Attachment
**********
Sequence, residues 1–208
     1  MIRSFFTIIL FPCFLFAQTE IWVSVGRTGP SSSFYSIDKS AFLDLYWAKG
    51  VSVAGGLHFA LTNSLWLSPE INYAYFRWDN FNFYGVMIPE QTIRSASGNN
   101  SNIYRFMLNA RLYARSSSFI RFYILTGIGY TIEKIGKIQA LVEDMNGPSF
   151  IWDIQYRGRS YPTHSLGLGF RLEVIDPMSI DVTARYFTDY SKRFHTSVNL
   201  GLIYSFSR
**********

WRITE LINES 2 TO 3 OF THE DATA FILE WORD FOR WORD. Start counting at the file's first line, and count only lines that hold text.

     1  MIRSFFTIIL FPCFLFAQTE IWVSVGRTGP SSSFYSIDKS AFLDLYWAKG
    51  VSVAGGLHFA LTNSLWLSPE INYAYFRWDN FNFYGVMIPE QTIRSASGNN